By Mike Blackerby
It was likely not just happenstance.
Xavier Washington’s arrival at Central coincided with the turnaround of the Bobcats’ struggling football program.
Washington took the field in 2015 as a promising, yet rawboned freshman.
Central had gone just 21-31 the previous five years as then second-year coach Bryson Rosser was in the early stages of his rebuilding project.
Rosser saw something special right away in Washington.
He knew he could re-tool the once-proud Central program around the hard-hitting safety.
“Xavier was always mature for his age and he was a specimen physically,” said Rosser.
“We called him ‘Nike mannequin’ because he was built like the Nike mannequin and he was only 15 years old.”
Rosser saw in Washington everything he wanted to instill in the program.
“He has a contagious personality. You’ve got to have kids like him when you’re building a foundation. I knew I had a lot of time to invest in him.”
Rosser’s investment resulted in a huge payout for Washington and the Bobcats.
Four years later, the once raw but gifted freshman left Central with a treasure trove of honors, awards and achievements: Tennessee Tech signee, member of the winningest senior class (42-14) in school history and state champion.
And one more – the 5Star Preps 2018 Defensive Player of the Year.
Washington said he was fortunate that the stars aligned upon his arrival at Central.
“It was just a blessing I got to come to Central and play for coach Rosser and all of our other great coaches,” he said.
The Bobcats went 9-3 during Washington’s freshman season, losing to Greeneville in Round 2 of the Class 4A playoffs.
Central finished 2016 in the state 4A finals where it lost to Memphis East.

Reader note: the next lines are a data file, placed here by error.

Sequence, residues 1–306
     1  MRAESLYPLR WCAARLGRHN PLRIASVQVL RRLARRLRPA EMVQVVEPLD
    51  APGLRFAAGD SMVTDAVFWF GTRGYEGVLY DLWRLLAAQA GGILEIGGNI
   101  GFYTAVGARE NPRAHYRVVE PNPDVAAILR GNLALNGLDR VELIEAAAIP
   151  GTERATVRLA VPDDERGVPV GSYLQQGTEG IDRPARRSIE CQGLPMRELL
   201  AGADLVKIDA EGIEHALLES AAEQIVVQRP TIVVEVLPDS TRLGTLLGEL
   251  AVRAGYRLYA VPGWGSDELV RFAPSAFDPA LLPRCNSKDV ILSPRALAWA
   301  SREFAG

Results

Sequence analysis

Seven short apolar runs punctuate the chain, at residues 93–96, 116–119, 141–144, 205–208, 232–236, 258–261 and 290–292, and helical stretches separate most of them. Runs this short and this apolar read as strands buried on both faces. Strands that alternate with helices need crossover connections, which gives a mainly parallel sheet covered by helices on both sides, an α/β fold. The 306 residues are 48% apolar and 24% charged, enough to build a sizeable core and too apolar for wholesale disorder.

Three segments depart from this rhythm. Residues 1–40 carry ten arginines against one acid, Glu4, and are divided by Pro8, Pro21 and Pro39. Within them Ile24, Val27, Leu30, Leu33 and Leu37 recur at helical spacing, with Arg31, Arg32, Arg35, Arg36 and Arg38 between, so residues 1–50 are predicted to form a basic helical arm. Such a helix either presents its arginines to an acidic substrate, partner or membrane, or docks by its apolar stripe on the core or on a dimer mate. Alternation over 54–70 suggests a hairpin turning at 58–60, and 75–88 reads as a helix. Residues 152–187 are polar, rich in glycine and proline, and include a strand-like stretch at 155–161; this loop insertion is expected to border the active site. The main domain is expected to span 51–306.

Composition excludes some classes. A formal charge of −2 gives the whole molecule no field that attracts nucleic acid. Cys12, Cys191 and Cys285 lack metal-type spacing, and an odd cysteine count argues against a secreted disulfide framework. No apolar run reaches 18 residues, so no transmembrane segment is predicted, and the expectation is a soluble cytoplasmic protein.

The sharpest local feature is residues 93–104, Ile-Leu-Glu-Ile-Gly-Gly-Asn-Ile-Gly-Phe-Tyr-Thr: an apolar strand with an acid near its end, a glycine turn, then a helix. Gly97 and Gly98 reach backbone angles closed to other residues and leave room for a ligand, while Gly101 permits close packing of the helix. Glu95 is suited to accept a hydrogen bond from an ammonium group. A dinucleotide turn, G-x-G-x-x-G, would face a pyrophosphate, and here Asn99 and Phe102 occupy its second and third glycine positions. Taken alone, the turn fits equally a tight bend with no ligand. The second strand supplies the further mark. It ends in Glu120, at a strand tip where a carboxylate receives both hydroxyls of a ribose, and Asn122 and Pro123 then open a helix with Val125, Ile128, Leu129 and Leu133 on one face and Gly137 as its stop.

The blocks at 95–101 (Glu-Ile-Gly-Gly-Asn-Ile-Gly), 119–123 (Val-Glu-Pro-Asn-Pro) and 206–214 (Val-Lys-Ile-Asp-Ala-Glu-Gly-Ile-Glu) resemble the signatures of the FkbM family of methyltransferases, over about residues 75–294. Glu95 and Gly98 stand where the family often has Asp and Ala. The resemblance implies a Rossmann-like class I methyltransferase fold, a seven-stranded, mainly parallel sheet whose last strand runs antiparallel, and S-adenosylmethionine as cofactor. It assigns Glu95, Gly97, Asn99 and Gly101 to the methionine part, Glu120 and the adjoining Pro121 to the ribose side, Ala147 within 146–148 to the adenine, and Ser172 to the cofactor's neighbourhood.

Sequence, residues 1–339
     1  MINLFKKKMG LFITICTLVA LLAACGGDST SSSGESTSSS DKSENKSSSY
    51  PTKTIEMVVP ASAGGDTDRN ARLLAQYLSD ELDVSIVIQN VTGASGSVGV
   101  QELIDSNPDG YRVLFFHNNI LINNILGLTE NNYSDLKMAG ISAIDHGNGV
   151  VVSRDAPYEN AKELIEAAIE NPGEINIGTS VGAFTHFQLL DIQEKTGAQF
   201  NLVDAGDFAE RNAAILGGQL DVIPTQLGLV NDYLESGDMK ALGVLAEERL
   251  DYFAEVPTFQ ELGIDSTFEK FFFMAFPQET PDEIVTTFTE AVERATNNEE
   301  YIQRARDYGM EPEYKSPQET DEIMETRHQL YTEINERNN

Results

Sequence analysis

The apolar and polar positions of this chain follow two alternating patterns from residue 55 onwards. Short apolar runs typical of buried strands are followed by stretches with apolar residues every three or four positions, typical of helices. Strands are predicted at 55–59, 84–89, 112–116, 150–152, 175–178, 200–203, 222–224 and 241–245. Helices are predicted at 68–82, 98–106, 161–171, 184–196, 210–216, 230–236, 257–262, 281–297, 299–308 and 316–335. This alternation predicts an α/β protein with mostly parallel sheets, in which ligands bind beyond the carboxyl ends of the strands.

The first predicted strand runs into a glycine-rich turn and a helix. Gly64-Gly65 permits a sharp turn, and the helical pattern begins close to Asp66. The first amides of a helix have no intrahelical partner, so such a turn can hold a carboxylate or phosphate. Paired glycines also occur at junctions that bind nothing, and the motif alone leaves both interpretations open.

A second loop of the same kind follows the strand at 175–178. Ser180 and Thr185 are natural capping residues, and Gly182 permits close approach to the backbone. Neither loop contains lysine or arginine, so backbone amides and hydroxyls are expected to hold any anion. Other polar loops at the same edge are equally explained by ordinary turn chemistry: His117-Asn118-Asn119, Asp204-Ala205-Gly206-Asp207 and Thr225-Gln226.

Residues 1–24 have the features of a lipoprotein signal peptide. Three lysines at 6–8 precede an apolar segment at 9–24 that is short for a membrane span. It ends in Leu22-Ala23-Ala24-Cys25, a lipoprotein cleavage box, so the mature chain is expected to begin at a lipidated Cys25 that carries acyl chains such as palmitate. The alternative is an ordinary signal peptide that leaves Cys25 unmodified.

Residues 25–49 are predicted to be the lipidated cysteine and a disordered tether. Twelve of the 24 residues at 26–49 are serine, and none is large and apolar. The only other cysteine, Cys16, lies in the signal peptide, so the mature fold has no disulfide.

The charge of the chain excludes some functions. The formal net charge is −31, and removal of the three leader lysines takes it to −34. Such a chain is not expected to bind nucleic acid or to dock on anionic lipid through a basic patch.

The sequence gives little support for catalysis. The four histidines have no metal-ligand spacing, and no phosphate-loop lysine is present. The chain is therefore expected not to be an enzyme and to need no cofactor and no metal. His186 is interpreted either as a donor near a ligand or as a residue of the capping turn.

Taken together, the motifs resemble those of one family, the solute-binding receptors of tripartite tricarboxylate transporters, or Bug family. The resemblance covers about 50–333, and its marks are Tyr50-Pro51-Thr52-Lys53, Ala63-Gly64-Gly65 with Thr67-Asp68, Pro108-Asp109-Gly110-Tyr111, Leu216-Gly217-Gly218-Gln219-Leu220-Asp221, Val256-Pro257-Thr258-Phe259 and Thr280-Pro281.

The Bobcats stumbled early, but finished strong in 2017, going 8-6 with a 5A semifinal loss to Catholic.
Last season, Central recovered from an 0-2 start as it lost by narrow margins to Tennessee High and Fulton.
The Bobcats then reeled off 13 consecutive wins and posted a 14-9 decision over Henry County to win the first state championship in school history since the advent of the playoff system in 1969.
Just as Central grew over the past four years, so did the 5-foot-10, 200-pound Washington.
He knew he couldn’t just rely on his physical ability. He said he became a student of the game.
“I always watched film, but I really learned how to watch film this season,” explained Washington.
“I started digging in deeper and learning about play recognition and things like down and distance (tendencies).”
As the season wore on, Central and Washington became more and more dominating.
“Ever since I got to Central we were known for defense,” said Washington.
“We wanted to take it to the next level this season.”
Washington had seven tackles, two tackles for loss and a pass breakup in Central’s win over Henry County in the state championship game.
For the season, he led Central’s ball-hawking defense with 96 tackles, 132 total stops and 23.5 tackles for loss. He also had nine sacks, three interceptions and he caused three fumbles.
Washington ended his career with 244 total tackles.
The Bobcats allowed just 10.3 points per game this season.
“We really weren’t playing for the wins, we were playing for each other and we wanted to prove we had the best defense in the state,” explained Washington.
The Bobcats did just that, and also proved they had the best 5A team in the state along the way.